In my family we have always used this base to make the Christmas log cake.

10 August 2008

Chicken liver pâté

Morsels of pâté on a plate with home made petit pain (small bread rolls). I say morsels as the entire terrine was devoured in a very short time! My grand mother used to make this recipe, then my mother and it is always a great success.

Pâté de foie de volaille/Chicken liver pâté
200 gr chicken liver grossly grounded (I find it fresh at Don & Joe's meat in Pike Place Market Seattle)
600 gr coarse ground pork (also at Don and Joe's)
10 gr salt
2 gr pepper
1 egg
60 ml cognac
125 ml dry white wine
1 medium size onion thinly chopped
2 tsp fresh Thyme
Note: proportions are 1/4 liver for 3/4 coarsely ground meat, you can change and use pork or lamb liver if you prefer

Mix all above ingredients with a fork, pour in an oven proof terrine and level, place a laurel leaf on top, cover the terrine with a lid or tin foil if no lid is available.
Pre-heat the oven to 180 C/355 F
Place the terrine in a water bath and bake, time will depend on the weight of mix, rule is 1 hour per pound.
Once cooked let the terrine cool down and serve chilled with freshly baked bread (here petit pain, recipe will follow) and cornichon (small pickled gherkins).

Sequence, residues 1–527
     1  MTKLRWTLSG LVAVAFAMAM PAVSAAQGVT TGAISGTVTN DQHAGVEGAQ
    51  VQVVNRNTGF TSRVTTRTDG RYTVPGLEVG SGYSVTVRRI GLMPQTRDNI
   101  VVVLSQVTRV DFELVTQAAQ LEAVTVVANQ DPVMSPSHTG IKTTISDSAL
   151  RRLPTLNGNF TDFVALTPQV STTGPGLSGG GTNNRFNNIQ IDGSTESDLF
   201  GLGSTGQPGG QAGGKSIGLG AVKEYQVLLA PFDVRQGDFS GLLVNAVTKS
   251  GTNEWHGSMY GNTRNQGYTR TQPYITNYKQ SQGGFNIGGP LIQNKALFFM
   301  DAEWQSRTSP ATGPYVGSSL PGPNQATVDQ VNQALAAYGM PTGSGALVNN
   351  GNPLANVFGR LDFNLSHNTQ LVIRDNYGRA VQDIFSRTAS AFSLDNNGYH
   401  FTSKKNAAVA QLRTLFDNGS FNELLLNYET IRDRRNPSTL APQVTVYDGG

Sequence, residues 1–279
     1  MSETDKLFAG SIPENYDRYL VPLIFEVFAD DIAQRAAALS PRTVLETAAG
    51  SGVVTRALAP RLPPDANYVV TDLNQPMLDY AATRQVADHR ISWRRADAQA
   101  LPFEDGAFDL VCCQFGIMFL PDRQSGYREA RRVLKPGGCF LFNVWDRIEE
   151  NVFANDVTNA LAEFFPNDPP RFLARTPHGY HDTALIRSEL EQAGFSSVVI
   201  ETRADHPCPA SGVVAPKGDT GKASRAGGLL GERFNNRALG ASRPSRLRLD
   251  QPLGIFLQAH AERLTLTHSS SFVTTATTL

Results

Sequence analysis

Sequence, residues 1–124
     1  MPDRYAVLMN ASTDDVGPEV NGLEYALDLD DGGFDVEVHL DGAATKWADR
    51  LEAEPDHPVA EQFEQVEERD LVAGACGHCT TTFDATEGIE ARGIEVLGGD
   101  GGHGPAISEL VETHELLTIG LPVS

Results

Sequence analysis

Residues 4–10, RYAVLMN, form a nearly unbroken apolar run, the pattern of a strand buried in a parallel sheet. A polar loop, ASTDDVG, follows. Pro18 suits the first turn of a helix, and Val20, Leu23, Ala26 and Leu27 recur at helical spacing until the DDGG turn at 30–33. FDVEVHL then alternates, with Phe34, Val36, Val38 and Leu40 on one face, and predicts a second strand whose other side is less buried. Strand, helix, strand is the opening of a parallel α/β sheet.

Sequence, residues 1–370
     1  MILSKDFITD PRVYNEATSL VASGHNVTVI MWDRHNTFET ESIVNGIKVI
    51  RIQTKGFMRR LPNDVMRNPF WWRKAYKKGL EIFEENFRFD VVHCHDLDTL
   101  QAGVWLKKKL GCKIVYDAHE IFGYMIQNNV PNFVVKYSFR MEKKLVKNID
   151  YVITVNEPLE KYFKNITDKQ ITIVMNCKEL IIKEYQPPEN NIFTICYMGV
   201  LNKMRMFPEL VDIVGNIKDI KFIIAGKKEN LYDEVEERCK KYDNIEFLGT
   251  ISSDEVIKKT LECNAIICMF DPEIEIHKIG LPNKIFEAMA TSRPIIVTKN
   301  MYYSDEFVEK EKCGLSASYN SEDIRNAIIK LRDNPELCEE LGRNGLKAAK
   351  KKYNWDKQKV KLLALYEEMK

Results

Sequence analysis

06 August 2008

Raspberry galore

My good friend and neighbour P. is wonderful, she has planted a lot of raspberry bushes that produce a ton of fruit, in fact enough for the entire neighbourhood so P. invited all of us to come and pick the raspberries, so I did and made a few projects, like seedless raspberry jam, cordial and crème de framboise, in other words raspberry liquor. This recipe has been handed down to me from my mother. Be sure to set aside 2 days to make it.

Crème de Framboise
1 kg raspberries
1 litre red wine
Sugar (weight is determined by the above 2 ingredients)
1 glass of Everclear 95% alcohol content (eau de vie pour fruit) I couldn't find this here so instead I used 105 proof vodka (50% alcohol content)